Accessibility comes in many forms. From assistive technology, to city planning, to architecture, to language and the ways by which we communicate. One such vitally important aspect of accessibility is healthcare; to get a better sense of what that care means to providers and where care can be improved, we spoke with Dr. Ann Syme of Langara College.

Before she became the head of the Nursing Program at Langara, before she finished her degree, Dr. Ann Syme was a volunteer at Bloorview Hospital in Toronto. She seized opportunity to work as a recreational therapist for children with disabilities, and this turned out to be the first step in her long career in health care.

Optimal health

What Dr. Syme brought up early on in our conversation was the idea of optimal health. Care that aims not to treat a condition or injury, but care that aims to enrich all areas of a person’s life.

“As nurses,” says Dr. Syme, “what we’ve tried to do is get involved with them to know sort of what the context of their life is, and how it is that we can make whatever it is that is important to them and living their life – whether that’s going to school or working or just, you know, socializing or playing depending on their age – that they can do those things in a way that gives them a full life.”

And this commitment to helping someone is no idle thing. As Dr. Syme points out, health care for people with disabilities tends to be a long term arrangement.

“The people that you connect with, generally are people that you continue to connect with,” says Dr. Syme. “And so they’re people in your life, like family almost. And so there needs to be that kind of sensibility and relationship. The people who get attracted to this work are people who are like that. So it’s not your alarm nurses, you know, whether it’s nurses, it’s physicians, it’s people who really want to get into that more humanistic interpersonal side of things, because you can’t do this work without doing it.”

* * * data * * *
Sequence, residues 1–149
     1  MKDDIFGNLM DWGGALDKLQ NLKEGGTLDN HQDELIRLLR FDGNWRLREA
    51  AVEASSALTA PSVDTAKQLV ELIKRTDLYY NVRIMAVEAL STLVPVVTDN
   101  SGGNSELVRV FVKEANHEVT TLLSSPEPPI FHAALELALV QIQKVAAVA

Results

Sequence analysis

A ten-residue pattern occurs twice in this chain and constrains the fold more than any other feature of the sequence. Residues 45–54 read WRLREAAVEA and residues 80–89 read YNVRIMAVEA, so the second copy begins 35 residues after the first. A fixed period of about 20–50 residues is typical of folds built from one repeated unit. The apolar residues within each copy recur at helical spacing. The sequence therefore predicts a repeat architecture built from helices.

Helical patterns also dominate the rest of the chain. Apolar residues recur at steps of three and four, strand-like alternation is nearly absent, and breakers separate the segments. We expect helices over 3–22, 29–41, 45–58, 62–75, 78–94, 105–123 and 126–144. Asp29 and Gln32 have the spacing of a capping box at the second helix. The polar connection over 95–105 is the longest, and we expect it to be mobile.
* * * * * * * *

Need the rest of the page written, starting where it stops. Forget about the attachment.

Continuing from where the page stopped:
Room to improve

As with all things, however, there are problems. When it comes to the healthcare system here in B.C., Dr. Syme points to the difficulty accessing vital information.

“One of the worst things with our health system is navigation. And I’ll say that quite clearly,” says Dr. Syme. “The word ‘access,’ you’ll see in just about every policy document. And what they’re talking about, generally speaking, is access in the way of, you know, do you have an MRI in Vanderhoof, that’s ‘access’ to the policymakers. What we’re talking about is is human navigation.”

Building compassion

When it comes to events like the National AccessAbility week, Dr. Syme sees the difference they can make in public awareness and compassion.

“The greater social awareness we have, the more humane society we’ll have, you know, and let’s face it, we need it as much as we can these days,” says Dr. Syme. “When we’re at our best as human beings, it may actually make us stop and think about it. And to stop and think about other people and how we could be helpful, and to stop and think and be a bit grateful for what we have.”

“Even between that one person making that one little bit of difference to that one person in that moment. If we all did that, just once a day. Would the world change? Yes. It would.”

Posted by dda-editor in: Blog